On Watch - Linc Schoenberger

As many WindCheck readers know, our editorial staff produces the Block Island Race Week News for the Storm Trysail Club in odd-numbered years. In 2007, we were particularly interested in watching a Wyliecat 30 named One Up, owned and skippered by Lincoln Schoenberger of Shelton, CT and competing in the PHRF division. We’d seen this blue 30-footer at the Park City Regatta, a breast cancer charity event hosted by Fayerweather Yacht Club in Bridgeport. We admired her handsome lines and the simplicity of her free-standing, single-sail cat rig (hence her name), and were impressed with her speed.

Lincoln SchoenbergerAt Race Week, we spoke enthusiastically about One Up aboard the Rolex Media Boat, and were surprised one morning to find her apparently bringing up the rear of the six-boat PHRF 5 class. A colleague even commented, “Gee, your buddy’s not doing very well.” Our captain had just driven us to the PHRF race circle from another, and it wasn’t until the day’s score sheet was posted that we realized One Up had already completed the first windward and leeward legs of that race and was poised to overtake her rivals…all still sailing the first beat!

Linc notched two bullets that day, despite painful kidney stones that eventually forced him back to the mainland for recovery. Averse to missing any of the action, he soon returned to Block. One Up went on to win more races on her way to a class victory, earning her skipper WindCheck’s unofficial Race Week “Heart of Oak Award.”

An avid racer since age ten, Linc owned several boats before One Up, including a Laser, a Soling, an Evelyn 26 and a Merit 25. In addition to active membership at Fayerweather (where he has served as Sailing Committee Chair) and Cedar Point Yacht Club in Westport, CT (where he’s been a Governor in charge of Races & Regattas), Linc is a member of the Windjammers Sailing Club and the Off Soundings Club. He’s a frequent participant in local and regional regattas and race weeks like Block and Key West. He’s worked on PHRF committees of the Yacht Racing Association of Long Island Sound and the Eastern Connecticut Sailing Association, and served as ECSA’s Chief Handicapper. A certified IRC measurer and US Sailing Club Race Officer, he is currently ECSA’s Rear Commodore. Unsurprisingly, Linc’s Facebook page indicates his favorite sport is sailboat racing…and identifies his favorite activity as “racing sailboats.”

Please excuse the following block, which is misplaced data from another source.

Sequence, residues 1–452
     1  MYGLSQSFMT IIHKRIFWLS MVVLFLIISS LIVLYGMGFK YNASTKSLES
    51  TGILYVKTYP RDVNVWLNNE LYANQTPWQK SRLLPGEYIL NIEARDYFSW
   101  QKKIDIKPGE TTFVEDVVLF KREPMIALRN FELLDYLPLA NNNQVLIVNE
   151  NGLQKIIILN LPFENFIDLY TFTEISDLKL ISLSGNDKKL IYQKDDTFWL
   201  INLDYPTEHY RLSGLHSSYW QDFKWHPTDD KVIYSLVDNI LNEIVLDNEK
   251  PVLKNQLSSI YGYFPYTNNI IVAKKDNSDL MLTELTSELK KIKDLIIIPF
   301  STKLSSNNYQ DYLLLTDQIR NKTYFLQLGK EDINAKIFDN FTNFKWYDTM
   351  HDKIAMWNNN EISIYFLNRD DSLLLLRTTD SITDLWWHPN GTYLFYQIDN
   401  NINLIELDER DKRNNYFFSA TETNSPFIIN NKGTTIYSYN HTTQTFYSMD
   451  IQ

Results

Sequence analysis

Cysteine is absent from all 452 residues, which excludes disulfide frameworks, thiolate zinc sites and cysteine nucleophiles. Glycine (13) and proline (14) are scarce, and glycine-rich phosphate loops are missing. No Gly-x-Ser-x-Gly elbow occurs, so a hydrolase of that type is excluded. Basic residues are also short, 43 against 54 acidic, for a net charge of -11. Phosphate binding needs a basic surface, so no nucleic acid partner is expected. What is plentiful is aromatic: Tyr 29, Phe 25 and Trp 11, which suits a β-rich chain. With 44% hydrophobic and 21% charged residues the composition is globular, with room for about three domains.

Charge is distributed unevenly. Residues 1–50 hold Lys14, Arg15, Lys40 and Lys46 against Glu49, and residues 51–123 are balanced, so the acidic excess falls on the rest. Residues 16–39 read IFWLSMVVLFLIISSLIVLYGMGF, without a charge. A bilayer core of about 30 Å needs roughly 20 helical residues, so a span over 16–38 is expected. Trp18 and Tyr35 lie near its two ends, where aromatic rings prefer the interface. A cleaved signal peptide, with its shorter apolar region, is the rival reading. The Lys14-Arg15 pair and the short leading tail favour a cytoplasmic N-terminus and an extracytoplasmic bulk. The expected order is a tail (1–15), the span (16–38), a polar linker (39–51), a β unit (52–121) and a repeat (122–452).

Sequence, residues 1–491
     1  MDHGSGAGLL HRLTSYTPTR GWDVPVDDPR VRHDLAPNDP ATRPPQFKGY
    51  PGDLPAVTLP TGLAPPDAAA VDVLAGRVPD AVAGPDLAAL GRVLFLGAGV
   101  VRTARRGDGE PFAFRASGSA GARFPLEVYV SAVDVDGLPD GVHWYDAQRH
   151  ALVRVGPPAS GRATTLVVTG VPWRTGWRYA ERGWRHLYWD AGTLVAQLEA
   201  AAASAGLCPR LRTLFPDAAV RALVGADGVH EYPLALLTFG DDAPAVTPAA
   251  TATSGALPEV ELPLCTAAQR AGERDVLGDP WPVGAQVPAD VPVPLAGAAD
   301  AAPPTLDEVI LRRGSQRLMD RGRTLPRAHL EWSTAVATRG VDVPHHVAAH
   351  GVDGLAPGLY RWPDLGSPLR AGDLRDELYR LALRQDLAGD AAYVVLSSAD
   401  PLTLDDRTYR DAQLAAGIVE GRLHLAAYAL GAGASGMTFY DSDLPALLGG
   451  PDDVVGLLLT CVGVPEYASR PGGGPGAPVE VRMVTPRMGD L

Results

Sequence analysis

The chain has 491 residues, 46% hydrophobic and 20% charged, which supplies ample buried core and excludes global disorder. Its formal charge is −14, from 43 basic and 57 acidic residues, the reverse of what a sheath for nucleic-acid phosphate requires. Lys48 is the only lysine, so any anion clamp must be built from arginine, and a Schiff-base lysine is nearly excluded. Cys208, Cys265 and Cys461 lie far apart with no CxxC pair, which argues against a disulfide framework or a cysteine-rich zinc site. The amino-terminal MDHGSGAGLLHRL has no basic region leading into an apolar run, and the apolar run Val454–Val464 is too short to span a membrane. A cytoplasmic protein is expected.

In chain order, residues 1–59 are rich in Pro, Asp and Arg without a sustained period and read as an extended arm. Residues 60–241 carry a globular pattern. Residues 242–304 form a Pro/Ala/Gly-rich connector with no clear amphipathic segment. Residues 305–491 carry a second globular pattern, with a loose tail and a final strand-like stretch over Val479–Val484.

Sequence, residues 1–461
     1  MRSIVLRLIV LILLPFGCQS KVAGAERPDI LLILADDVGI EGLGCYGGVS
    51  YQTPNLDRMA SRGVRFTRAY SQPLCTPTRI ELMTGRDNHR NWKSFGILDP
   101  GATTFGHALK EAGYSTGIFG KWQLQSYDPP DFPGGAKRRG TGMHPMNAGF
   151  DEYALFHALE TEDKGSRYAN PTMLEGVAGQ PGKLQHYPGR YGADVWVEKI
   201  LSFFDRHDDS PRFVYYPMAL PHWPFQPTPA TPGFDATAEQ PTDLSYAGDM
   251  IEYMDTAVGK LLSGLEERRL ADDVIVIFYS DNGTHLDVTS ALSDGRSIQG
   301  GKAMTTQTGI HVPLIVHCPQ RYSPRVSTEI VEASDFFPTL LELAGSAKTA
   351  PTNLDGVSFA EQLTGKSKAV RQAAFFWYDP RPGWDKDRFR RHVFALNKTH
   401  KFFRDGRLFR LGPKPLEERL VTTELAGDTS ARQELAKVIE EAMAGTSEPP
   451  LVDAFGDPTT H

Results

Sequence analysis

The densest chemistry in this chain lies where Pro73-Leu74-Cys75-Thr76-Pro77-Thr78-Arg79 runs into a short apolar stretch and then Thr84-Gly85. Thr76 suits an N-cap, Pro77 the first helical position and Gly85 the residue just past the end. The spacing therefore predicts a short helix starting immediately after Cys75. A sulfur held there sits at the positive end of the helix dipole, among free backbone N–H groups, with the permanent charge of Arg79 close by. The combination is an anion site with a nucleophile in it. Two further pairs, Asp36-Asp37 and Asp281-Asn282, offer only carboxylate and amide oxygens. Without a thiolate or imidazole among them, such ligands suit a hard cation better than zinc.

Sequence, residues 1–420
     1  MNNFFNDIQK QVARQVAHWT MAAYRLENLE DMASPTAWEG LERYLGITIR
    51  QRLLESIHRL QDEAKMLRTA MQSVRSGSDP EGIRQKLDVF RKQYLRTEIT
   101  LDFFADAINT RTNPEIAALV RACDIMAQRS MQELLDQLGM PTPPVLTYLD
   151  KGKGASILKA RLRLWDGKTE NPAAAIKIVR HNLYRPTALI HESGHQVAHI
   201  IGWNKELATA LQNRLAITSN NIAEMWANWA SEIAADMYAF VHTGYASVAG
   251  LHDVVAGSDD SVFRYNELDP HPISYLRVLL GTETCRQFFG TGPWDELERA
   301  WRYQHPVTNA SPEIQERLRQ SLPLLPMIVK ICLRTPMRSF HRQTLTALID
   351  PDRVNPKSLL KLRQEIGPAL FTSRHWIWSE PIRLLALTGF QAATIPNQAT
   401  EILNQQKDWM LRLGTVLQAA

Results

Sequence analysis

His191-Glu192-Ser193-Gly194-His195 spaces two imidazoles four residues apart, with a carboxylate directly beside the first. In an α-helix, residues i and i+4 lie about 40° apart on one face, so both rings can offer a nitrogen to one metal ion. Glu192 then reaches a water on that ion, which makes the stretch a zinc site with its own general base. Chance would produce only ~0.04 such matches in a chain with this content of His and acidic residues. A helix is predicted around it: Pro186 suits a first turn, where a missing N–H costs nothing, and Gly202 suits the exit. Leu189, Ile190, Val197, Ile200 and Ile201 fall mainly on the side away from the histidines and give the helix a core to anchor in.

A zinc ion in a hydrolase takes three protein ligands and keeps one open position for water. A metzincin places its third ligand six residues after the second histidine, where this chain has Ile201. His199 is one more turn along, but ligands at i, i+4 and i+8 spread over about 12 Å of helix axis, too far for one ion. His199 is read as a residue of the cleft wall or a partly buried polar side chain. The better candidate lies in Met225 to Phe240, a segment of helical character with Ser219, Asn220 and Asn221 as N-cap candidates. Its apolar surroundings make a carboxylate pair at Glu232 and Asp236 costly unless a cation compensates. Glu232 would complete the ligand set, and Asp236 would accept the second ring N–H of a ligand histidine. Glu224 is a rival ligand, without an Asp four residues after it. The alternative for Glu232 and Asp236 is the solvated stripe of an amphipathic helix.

“I’ve known Lincoln for about 30 years,” said John McArthur of Stratford, a Past Commodore of Cedar Point YC. “We were competitors in Fayerweather Yacht Club’s Wednesday night series. He had a Soling, which really wasn’t the kind of boat that was raced on Wednesday nights, but it’s what he had so that’s what he did. I had a one-off custom 27-footer called a Devillard 27, and we became friends from talking across the water. Our friendship really started to become strong in the ’90s, when Linc had a yellow Evelyn 26 named Brazen. I think he also had a Sonar between Brazen and the Merit 25, which was named Audacity. He’d also sail with us on a friend’s J/24 when we were looking for crew. I talked him into joining Cedar Point Yacht Club, and he joined around 2004 when he bought his Wyliecat.” “Lincoln and I were competitors, although we sometimes ended up sailing on one another’s boat,” said McArthur. “The first time I raced with him was at Block Island Race Week in 2003. At age 56 or 57 I was the youngest guy on the boat, and I was called ‘the kid.’ I raced on One Up at Key West Race Week in 2009. Bruce Kuryla from Port Milford Marina towed the boat to Key West, and we won our division. Linc has also raced on my J/30, Smiles, in two Annapolis NOOD Regattas. At our second NOOD, a good friend – a longtime crewmember – had a massive heart attack while we were preparing for the regatta. Lincoln’s friendship and support were very valuable, and he helped us get through a rough time. Linc took over for me on the ECSA PHRF Committee in the mid-90s. After serving as the Fayerweather representative, he became the ECSA Chief Handicapper and served for several years.”

“Linc’s a good guy,” McArthur continued. “He’s very opinionated, like most of us, but he’s fun to sail with. He has a very good sense of humor, he’s easy to relate to, and we share similar interests. We pick on one another pretty regularly, even when we’re competing. We get along very well…but his cigars are really annoying! During the winter months we often get involved in projects, either on his boat or my boat, just to keep us out of trouble. He has access to a machine shop, so we’re always making things for the boats. He’s always there to help whenever I put my boat in, and I’m there when he puts his in. We have a lot of fun, although there’s a lot that I can’t talk about!”

Linc is especially keen on sharing his passion for sailing with young people, and the Cedar Point YC Junior PHRF Team has sailed One Up in the Dorade and Beach Point Overnight races with him aboard as safety advisor. A photo on the CPYC website, taken in 2005, shows Linc and several young sailors wearing tiedyed One Up t-shirts. Linc’s Facebook page also reveals that one of his Music favorites is Ry Cooder, a slide guitar virtuoso known for an acerbic wit. We relish the thought of youthful ears being introduced to classic Cooder albums like Paradise and Lunch and Chicken Skin Music (each recorded, in all likelihood, before most CPYC juniors’ parents were born) during those overnight races with Linc, naturally, savoring a fine cigar. If more young people had an opportunity to sail with such a hip, enthusiastic mentor, the future of our sport would be bright indeed.

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